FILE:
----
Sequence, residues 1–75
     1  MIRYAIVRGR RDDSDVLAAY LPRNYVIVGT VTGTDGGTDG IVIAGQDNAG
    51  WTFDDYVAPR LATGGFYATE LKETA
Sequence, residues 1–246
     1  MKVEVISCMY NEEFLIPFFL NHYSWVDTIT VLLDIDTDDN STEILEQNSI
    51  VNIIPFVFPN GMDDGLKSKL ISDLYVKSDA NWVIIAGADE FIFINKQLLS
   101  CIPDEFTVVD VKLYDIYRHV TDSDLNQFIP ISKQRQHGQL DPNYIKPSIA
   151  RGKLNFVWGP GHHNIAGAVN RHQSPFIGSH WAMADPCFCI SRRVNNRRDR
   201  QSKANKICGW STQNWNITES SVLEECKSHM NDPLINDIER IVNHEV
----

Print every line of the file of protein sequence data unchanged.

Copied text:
Sequence, residues 1–75
     1  MIRYAIVRGR RDDSDVLAAY LPRNYVIVGT VTGTDGGTDG IVIAGQDNAG
    51  WTFDDYVAPR LATGGFYATE LKETA
Sequence, residues 1–246
     1  MKVEVISCMY NEEFLIPFFL NHYSWVDTIT VLLDIDTDDN STEILEQNSI
    51  VNIIPFVFPN GMDDGLKSKL ISDLYVKSDA NWVIIAGADE FIFINKQLLS
   101  CIPDEFTVVD VKLYDIYRHV TDSDLNQFIP ISKQRQHGQL DPNYIKPSIA
   151  RGKLNFVWGP GHHNIAGAVN RHQSPFIGSH WAMADPCFCI SRRVNNRRDR
   201  QSKANKICGW STQNWNITES SVLEECKSHM NDPLINDIER IVNHEV